Scott: Last year, people signed up for my wife and I’s CSA right when the pandemic started. Our meat sales went through the roof. To some extent, people will go back to their old ways [post- pandemic], but I do think that it helped shift people’s food system views. It showed the fragility of our food system, and I think this will benefit us in the long run, seeing that not only are web raising animals with proper health and welfare, but people realizing where their food comes from. If they buy from us, they know their products aren’t coming from these big companies, it’s coming from a farm down the road.
Jeff: As awful as a pandemic like this has been and continues to be, it does certainly show the cracks in our country’s industrial food system. It revealed more demand for a decentralized system, like The Decency Foundation has in mind for farms like ours. We’re a long way off from being able to feed the world this way, but we’re certainly moving in the right direction.
What are your plans for Wyebrook?
Jeff: We want to raise various animals such as beef, pork, and possibly poultry in the future.
Scott: Animal welfare is a big priority for us. We don’t buy animals from auctions, so the one and only time the animals would get on a trailer is to the processing site. But when you don’t have a shop on site, sometimes you have to drive for hours to get to one. The animals are with you that entire journey, and it causes them a lot of anxiety. Adrenaline and stress can actually taint the meat and make it taste different. They’ve never been in a trailer before and suddenly, they're cramped into one at the end of their life. Ideally, we’d have both the animals and processing on the farm to avoid that. We want to work with The Decency Foundation to build an on-site facility so everything can happen right here.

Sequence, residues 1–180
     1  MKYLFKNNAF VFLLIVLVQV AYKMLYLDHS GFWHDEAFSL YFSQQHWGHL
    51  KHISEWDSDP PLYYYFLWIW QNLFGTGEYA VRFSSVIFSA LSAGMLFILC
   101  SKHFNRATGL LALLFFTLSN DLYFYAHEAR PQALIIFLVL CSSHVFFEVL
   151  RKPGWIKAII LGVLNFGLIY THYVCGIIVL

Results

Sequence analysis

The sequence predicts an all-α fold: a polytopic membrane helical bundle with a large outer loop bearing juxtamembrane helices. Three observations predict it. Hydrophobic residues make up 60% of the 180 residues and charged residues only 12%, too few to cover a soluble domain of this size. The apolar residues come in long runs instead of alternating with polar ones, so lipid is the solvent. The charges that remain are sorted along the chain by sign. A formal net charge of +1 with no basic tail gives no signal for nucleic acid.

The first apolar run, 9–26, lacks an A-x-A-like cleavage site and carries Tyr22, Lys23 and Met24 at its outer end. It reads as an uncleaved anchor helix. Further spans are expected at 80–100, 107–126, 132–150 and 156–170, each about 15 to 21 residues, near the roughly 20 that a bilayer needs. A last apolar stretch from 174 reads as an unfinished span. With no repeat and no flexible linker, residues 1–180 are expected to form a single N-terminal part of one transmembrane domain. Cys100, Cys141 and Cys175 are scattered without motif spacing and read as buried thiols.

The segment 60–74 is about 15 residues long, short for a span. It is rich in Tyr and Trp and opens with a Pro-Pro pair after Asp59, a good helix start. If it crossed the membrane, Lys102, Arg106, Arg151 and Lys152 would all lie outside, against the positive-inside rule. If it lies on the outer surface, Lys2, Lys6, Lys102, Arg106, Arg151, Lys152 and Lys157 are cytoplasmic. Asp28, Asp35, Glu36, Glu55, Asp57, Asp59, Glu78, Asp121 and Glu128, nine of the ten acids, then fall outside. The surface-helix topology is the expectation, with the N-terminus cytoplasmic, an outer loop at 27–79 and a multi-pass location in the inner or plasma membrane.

Scott: On top of that, we hope to sell products through an online store, farmers markets, and of course, on site. We’re still figuring out plans in terms of a restaurant and event space, because it’s a beautiful spot and already set up for those kinds of things.
What agricultural practices do you plan on implementing?
Jeff: Dean [Carlson] was using a lot of regenerative methods like rotational grazing, multi-species grazing and more. It’s all about rebuilding and re-nourishing the soils and pastures. We’re hoping to continue and build onto that.
Scott: If you go back about seventy years, people were doing what we call sustainable or regenerative agriculture now. It’s not a new way of doing agriculture; it’s what our great-great grandparents did. For example.They had multi-species grazing on their land because they had to raise multiple kinds of animals in order to feed their family! They also lacked any large farming instruments, trucks, everything like that that typically destroys the soil.
Jeff: What we’re trying to do, and what The Decency Foundation is trying to do on several farms, is think about every aspect of the farm as part of its ecosystem. Every employee, customer, animal, and plant connected to the farm is a part of that system. We’re thinking about how we treat every aspect of Wyebrook, and that will create a successful model.
Scott: Our approach isn’t anything new. In fact, we’re just going back to the basics.